Talk at Georgetown U Event on Tac Nuke Treaty

By Hans M. Kristensen

The Center on National Security and the Law and the Federal Legislation and Administrative Clinic co-hosted an event at Georgetown University Law Center on Tuesday, March 1st: Next Steps after New START: A Treaty on Tactical Nuclear Weapons.

The event included a keynote speech by Edward Warner, the Senior Advisor to the under Secretary of Defense for Policy.

I gave a briefing on the status of US and Russian nonstrategic nuclear weapons. Other panelists included Michael May, former director of Lawrence Livermore National Laboratory and now at Stanford University, Paul Dean from the Department of State, Madelyn Creedon with the Senate Armed Services Committee, and Tim Morrison from the office of Senator Jon Kyl. Dakota Rudesill from the Law Center moderated.

This publication was made possible by a grant from Carnegie Corporation of New York and Ploughshares Fund. The statements made and views expressed are solely the responsibility of the author.

 

One thought on “Talk at Georgetown U Event on Tac Nuke Treaty

  1. I support especially the deployment of nuclear weapons at sea. What Russia has too much, the U.S. has too little.

    There are too few CONUS facilities. Vulnerable, both against manmade and natural causes.

    Those B61 in Germany are grounded in the adolescent pissing-contest question “who won WW2?” Italy is a little different – I suspect they are aimed at Russia; cold warriors still @ work. The lack of a EU position on the question of U.S. nuclear weapons (and bases) in Europe is an embarrasment (but in a lot of ways oh-so comfortable).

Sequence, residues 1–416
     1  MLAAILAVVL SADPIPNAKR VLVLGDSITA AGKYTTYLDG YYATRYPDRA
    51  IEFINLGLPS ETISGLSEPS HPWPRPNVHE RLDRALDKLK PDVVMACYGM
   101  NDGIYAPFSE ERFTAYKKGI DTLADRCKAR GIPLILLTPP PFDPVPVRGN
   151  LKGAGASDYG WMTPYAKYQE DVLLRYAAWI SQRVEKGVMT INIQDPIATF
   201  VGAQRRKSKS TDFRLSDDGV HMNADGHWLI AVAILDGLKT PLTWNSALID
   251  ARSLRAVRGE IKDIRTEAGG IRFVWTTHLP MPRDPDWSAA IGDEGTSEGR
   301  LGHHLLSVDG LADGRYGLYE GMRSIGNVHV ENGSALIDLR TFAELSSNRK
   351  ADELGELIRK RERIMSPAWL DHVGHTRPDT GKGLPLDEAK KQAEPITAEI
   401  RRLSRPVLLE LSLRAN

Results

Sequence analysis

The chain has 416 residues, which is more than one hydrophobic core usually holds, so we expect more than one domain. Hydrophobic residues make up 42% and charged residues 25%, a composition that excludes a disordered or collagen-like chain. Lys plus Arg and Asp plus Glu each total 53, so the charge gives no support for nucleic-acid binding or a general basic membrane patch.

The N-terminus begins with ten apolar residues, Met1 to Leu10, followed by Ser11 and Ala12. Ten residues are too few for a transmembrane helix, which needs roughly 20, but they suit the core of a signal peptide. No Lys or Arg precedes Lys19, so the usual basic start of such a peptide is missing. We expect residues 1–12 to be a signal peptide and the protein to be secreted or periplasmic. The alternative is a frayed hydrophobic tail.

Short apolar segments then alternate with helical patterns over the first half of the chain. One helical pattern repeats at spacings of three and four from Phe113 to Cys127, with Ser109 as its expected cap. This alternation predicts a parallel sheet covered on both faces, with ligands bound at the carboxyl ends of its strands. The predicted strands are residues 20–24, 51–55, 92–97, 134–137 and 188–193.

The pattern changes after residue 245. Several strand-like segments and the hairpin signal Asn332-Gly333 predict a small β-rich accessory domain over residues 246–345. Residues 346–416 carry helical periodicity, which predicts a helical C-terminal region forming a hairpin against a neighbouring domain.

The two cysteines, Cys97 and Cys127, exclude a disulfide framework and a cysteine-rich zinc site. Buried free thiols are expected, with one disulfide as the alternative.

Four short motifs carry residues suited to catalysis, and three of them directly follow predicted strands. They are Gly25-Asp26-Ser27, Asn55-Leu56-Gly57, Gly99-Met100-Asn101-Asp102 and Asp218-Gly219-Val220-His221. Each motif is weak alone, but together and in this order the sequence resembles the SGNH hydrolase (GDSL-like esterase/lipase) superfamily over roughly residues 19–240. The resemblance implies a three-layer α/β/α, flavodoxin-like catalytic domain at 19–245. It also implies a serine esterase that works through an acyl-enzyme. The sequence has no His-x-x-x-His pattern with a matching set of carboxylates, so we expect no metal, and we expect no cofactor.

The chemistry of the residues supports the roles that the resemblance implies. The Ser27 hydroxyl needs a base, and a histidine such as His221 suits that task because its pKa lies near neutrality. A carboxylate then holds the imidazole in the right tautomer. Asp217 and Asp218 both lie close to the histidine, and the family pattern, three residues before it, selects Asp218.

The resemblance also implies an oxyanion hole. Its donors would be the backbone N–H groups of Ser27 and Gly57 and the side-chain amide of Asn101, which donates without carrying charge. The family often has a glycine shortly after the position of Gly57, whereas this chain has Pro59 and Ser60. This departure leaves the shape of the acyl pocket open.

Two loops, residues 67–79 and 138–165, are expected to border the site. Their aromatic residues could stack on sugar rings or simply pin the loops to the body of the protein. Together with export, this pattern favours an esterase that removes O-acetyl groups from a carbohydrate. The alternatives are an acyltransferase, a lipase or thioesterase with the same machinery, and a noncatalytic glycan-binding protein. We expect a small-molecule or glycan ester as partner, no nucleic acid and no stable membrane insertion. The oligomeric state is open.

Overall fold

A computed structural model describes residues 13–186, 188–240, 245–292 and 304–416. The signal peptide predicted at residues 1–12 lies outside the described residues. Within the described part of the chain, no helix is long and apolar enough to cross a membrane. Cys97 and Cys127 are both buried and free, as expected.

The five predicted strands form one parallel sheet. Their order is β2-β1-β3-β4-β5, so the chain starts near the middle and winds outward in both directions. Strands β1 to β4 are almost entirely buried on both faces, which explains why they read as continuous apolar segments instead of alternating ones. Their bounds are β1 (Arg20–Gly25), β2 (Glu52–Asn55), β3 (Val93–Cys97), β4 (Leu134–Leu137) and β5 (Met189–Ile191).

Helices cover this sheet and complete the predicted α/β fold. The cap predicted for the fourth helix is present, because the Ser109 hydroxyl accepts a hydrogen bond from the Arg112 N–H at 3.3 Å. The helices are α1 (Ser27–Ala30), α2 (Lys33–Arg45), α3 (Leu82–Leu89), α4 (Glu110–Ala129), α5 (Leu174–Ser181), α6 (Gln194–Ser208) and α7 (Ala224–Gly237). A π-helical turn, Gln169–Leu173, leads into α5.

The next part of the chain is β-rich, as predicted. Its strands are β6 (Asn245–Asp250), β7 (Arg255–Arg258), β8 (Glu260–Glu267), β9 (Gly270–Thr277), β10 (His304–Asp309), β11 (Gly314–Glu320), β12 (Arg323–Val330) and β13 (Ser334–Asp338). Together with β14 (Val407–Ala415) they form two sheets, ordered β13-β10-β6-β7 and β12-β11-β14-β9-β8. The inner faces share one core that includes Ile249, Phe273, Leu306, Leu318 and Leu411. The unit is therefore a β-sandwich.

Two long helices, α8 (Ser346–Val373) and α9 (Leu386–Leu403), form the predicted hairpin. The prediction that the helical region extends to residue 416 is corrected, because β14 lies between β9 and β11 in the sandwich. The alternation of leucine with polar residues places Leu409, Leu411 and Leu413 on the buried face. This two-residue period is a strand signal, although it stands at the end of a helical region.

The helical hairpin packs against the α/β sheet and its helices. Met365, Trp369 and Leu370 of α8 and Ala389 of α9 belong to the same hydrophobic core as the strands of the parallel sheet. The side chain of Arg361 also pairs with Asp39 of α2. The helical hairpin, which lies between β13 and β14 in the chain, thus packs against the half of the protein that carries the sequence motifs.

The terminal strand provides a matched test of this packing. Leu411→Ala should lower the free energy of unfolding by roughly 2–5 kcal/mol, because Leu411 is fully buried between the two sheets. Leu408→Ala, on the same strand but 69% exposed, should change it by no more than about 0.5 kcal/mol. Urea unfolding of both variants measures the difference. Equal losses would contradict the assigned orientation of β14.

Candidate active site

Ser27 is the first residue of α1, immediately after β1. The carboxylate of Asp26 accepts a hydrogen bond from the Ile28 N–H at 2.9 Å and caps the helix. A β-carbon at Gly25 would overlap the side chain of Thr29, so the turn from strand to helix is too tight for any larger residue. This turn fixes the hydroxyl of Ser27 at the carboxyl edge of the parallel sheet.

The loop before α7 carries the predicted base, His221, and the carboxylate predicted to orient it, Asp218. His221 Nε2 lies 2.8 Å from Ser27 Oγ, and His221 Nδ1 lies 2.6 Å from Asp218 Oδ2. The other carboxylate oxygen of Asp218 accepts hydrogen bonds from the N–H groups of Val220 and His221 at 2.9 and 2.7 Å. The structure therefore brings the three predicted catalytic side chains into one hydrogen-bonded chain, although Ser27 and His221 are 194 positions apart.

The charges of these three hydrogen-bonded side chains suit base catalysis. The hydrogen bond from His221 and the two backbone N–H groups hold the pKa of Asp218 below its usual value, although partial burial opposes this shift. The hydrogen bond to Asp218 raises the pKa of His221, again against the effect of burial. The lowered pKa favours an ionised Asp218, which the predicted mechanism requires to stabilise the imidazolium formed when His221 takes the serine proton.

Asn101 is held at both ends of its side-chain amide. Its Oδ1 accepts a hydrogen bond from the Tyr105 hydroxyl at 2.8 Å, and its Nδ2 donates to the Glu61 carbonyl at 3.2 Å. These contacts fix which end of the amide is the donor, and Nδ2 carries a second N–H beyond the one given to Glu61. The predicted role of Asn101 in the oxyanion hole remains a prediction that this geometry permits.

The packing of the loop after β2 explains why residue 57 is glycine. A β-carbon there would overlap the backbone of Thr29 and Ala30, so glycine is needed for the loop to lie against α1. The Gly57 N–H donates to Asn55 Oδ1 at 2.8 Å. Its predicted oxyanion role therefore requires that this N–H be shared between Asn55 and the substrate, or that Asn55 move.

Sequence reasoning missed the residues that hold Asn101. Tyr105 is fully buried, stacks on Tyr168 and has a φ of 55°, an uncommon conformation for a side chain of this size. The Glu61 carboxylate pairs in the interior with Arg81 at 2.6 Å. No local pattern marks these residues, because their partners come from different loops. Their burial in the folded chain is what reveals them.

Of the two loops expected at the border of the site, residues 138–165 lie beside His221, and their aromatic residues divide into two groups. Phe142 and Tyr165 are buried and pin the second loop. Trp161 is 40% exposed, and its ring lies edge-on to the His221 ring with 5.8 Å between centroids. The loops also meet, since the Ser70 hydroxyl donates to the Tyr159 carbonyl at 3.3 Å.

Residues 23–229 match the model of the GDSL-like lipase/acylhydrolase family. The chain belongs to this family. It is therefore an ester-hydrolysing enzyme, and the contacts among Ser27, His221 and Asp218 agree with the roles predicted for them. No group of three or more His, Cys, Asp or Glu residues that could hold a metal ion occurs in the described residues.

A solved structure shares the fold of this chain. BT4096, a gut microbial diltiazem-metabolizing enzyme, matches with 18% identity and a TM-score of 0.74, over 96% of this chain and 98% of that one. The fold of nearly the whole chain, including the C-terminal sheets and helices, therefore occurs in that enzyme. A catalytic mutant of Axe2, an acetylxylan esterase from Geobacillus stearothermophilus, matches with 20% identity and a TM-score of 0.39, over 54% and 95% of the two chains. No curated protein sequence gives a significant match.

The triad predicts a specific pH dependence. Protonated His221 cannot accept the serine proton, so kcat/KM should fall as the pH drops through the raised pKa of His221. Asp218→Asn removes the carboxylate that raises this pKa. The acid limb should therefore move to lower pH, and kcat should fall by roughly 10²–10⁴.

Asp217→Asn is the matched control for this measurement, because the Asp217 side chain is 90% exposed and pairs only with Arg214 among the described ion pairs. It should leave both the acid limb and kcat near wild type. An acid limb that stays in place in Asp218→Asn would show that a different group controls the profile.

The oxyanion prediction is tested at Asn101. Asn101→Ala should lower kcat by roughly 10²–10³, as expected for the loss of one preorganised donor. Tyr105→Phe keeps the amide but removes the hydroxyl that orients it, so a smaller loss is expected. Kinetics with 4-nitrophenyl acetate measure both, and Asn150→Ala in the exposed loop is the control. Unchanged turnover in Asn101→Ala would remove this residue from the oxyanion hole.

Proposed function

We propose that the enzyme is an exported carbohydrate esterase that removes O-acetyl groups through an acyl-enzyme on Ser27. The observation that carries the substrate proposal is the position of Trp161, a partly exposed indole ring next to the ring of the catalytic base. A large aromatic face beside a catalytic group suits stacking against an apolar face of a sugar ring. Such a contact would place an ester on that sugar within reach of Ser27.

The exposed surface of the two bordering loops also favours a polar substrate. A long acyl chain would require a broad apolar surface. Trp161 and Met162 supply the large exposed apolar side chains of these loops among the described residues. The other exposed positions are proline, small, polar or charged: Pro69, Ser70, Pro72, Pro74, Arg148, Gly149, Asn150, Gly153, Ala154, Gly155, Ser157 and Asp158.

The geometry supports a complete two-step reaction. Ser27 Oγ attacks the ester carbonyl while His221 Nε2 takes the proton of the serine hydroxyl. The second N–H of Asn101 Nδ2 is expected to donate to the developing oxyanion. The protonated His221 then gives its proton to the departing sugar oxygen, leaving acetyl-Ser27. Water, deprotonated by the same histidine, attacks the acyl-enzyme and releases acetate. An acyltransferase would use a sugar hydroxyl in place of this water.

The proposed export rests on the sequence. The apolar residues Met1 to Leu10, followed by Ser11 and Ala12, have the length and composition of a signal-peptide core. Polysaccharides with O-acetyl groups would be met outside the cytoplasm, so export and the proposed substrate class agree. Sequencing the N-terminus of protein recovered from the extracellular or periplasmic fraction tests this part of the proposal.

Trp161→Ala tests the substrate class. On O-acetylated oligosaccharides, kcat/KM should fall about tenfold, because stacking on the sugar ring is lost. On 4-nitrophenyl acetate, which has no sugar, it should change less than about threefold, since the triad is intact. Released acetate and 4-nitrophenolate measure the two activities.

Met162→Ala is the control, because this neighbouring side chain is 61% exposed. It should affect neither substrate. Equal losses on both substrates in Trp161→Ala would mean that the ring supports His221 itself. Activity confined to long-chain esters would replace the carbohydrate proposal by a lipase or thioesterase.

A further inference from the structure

The Russian posture makes some sense – realistically the only enemy is China, and against China it would be strategic in any case.
    The other high numbers are based in the Russian character and the traditions of the defence establishment, not so much in actual military requirements.

    But on topic: Any treaty on tactical warheads needs to be global and open to whoever wants to join. That’s even more important than on the strategic side.

    From a practical standpoint there should probably be a soft/trust-based overall yield limit, and a hard/ISR-based delivery platform limit.

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